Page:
Results: Among the 87% of gestating women who did not meet the current GWG recommendations, 57% gained weight excessively and 30% inadequately. There was a statistically significant association between pre-pregnancy BMI and excessive GWG with overweight women more likely to gain excessively (Fisher’s exact test 29.04, p<0.001). Pre-pregnancy BMI was also associated with delivery method, with normal weight women more likely to have a normal vaginal delivery and obese women more likely to have an instrumental delivery or planned Caesarean-section (Fisher’s exact test 20.89; p<0.001). Gestational weight gain was not associated with delivery method, regardless of pre-pregnancy BMI.

Conclusion: Given that the majority of women in this rural medical practice showed gestational weight gains outside the recommended limits and that pre-pregnancy BMI was associated with delivery method, there is a role for pre-conception and antenatal programs educating women regarding healthy pre-pregnancy weight and GWG.

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Original Research Articles

Xanthomas seen on capsule endoscopy: What are they saying about your patient’s health?

Background: There is long-standing evidence of an association between cutaneous xanthomas and underlying lipid metabolism disorders, impaired glucose tolerance, secondary hyperlipoproteinemia and diabetes mellitus. Since the advent of capsule endoscopy (CE), substantial numbers of endoscopies have shown evidence of small bowel xanthomas. These have unknown significance to the patient and, consequently, are not routinely reported when identified. Our research is the first study to investigate the significance of small bowel xanthomas identified on CE with underlying lipid disorders or diabetes mellitus.

Methods: 54 patients participated in this prospective cohort study. We recorded patients’ demographic details, medical history, medication list, height, weight, and waist circumference measurements. A blood sample for fasting lipids, fasting glucose and HbA1c was collected. A blinded gastroenterologist reported whether xanthomas were present and quantified the number of xanthomas.

Results: 37% of participants had small bowel xanthomas visualised during CE. The presence of xanthomas was associated with a previous diagnosis of hyperlipidaemia currently treated with anti-lipid medication (IRR 4.43; 95%CI 1.32 to 14.9; p=0.048) and was also associated with increasing units of alcohol consumption (IRR 1.91; 95%CI 1.32 to 2.78; p=0.0007).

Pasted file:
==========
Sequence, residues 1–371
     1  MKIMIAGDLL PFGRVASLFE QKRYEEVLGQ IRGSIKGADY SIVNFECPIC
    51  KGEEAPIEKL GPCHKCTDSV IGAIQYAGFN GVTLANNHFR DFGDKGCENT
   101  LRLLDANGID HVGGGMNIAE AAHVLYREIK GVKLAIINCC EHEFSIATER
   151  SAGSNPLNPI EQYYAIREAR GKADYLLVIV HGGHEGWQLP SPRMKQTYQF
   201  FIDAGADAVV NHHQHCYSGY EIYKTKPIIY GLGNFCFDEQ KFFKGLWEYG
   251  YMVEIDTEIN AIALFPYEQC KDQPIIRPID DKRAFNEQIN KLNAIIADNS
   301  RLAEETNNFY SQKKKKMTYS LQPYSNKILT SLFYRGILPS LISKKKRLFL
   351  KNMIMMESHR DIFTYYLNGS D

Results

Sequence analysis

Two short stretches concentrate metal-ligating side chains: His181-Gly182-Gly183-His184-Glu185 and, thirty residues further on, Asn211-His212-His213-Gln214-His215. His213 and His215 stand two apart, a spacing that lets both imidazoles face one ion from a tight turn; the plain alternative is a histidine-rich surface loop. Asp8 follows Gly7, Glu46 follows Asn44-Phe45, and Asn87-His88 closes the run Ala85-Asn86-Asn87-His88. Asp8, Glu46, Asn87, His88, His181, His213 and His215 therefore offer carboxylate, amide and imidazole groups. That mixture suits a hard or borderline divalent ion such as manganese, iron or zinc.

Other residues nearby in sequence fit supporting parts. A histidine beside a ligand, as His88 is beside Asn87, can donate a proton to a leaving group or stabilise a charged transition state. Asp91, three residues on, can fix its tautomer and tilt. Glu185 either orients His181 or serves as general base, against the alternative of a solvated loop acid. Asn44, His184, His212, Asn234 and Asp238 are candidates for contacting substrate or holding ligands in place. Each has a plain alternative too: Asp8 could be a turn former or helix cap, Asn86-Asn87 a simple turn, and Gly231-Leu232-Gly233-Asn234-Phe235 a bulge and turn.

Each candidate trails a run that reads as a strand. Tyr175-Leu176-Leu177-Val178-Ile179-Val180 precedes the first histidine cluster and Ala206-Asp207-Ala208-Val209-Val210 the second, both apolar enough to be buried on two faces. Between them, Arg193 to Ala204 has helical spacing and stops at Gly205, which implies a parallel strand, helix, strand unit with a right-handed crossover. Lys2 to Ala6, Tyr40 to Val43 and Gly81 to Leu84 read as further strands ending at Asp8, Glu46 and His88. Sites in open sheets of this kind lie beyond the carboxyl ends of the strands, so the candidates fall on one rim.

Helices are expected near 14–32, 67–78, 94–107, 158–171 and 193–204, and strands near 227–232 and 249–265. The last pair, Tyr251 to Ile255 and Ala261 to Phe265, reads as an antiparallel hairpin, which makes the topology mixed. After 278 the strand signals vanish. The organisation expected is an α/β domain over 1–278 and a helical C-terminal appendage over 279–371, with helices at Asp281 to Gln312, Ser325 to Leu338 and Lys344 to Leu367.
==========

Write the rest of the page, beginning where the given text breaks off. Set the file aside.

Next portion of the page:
Conclusion: This demonstrates an association between the presence of small bowel xanthomas with hyperlipidaemia, mainly in patients with hyperlipidaemia controlled by medication. We also detected an association between small bowel xanthomas and increased alcohol intake. The presence of small bowel xanthomas might trigger lipid evaluation, in future clinical practice.

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Feature Articles

Nanoparticle administration across the blood-brain barrier using MRI-guided focused ultrasound

A vast array of medical conditions affects the central nervous system (CNS), implying a tremendous scope of therapeutic interventions that must target the brain. However, all medical therapy to the brain faces the inherent physiological obstacle of the blood-brain barrier (BBB). Furthermore, after the BBB, drugs must navigate the additional barrier of the brain extracellular space (ECS), which presents its own unique biochemical obstacles. Both the BBB and brain ECS present considerable difficulties for drug therapy to treat diseases affecting the brain. With advancing technology, there has been significant progress towards the goal of overcoming these barriers. An exciting development is the use of MRI-guided focused ultrasound (MRIgFUS) to deliver drug-loaded nanoparticles (NP).

This article describes and explores the use of MRIgFUS and NPs, together as a novel method in CNS drug therapy. First, the basic scientific principles underlying the approach are described. Then, studies that demonstrate key concepts, advancements, strengths, and limitations are discussed to outline directions that have been pursued towards the goal of implementing MRIgFUS NP delivery in practice.

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Review Articles

Efficacy and Safety of Allergen Immunotherapy to Treat House Dust Mite Allergic Asthma in Children

Allergic asthma is a significant disease of childhood, of which, house dust mite is the most common trigger. There have been many investigations into the role of allergen immunotherapy in preventing the development of allergic asthma, and potentially its treatment following formal diagnosis, as evidenced by studies demonstrating significant improvements in medication use, asthma symptoms, and respiratory function. However, there is a paucity of research into specific populations – significantly, paediatric populations. This article reviews the recent literature regarding the efficacy and safety of allergen immunotherapy in the treatment of house dust mite-allergic asthma, with a focus on paediatric populations.

This review suggests that immunotherapy effectively improves asthma symptoms and severity in paediatric populations. While adverse reactions may occur, serious or life-threatening reactions are rare. More research is required to investigate immunotherapy in populations who are polysensitised or who have severe or uncontrolled asthma – preliminary evidence suggests immunotherapy may have a role in the treatment of these patients.